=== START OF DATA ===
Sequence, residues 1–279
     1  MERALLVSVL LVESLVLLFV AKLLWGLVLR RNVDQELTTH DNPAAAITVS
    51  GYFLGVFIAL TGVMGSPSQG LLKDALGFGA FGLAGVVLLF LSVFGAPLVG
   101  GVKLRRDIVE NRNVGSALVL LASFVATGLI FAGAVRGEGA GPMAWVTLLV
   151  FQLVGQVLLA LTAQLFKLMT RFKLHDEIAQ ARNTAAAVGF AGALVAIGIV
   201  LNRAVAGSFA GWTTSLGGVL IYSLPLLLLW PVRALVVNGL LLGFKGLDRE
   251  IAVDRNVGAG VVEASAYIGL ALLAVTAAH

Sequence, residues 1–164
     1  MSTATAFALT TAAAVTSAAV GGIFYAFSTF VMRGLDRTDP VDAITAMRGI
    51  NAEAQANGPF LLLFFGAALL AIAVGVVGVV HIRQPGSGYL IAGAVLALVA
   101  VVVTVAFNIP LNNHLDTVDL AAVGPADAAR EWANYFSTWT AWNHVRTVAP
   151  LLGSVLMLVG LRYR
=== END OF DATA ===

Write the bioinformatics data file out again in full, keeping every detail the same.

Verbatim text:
Sequence, residues 1–279
     1  MERALLVSVL LVESLVLLFV AKLLWGLVLR RNVDQELTTH DNPAAAITVS
    51  GYFLGVFIAL TGVMGSPSQG LLKDALGFGA FGLAGVVLLF LSVFGAPLVG
   101  GVKLRRDIVE NRNVGSALVL LASFVATGLI FAGAVRGEGA GPMAWVTLLV
   151  FQLVGQVLLA LTAQLFKLMT RFKLHDEIAQ ARNTAAAVGF AGALVAIGIV
   201  LNRAVAGSFA GWTTSLGGVL IYSLPLLLLW PVRALVVNGL LLGFKGLDRE
   251  IAVDRNVGAG VVEASAYIGL ALLAVTAAH

Sequence, residues 1–164
     1  MSTATAFALT TAAAVTSAAV GGIFYAFSTF VMRGLDRTDP VDAITAMRGI
    51  NAEAQANGPF LLLFFGAALL AIAVGVVGVV HIRQPGSGYL IAGAVLALVA
   101  VVVTVAFNIP LNNHLDTVDL AAVGPADAAR EWANYFSTWT AWNHVRTVAP
   151  LLGSVLMLVG LRYR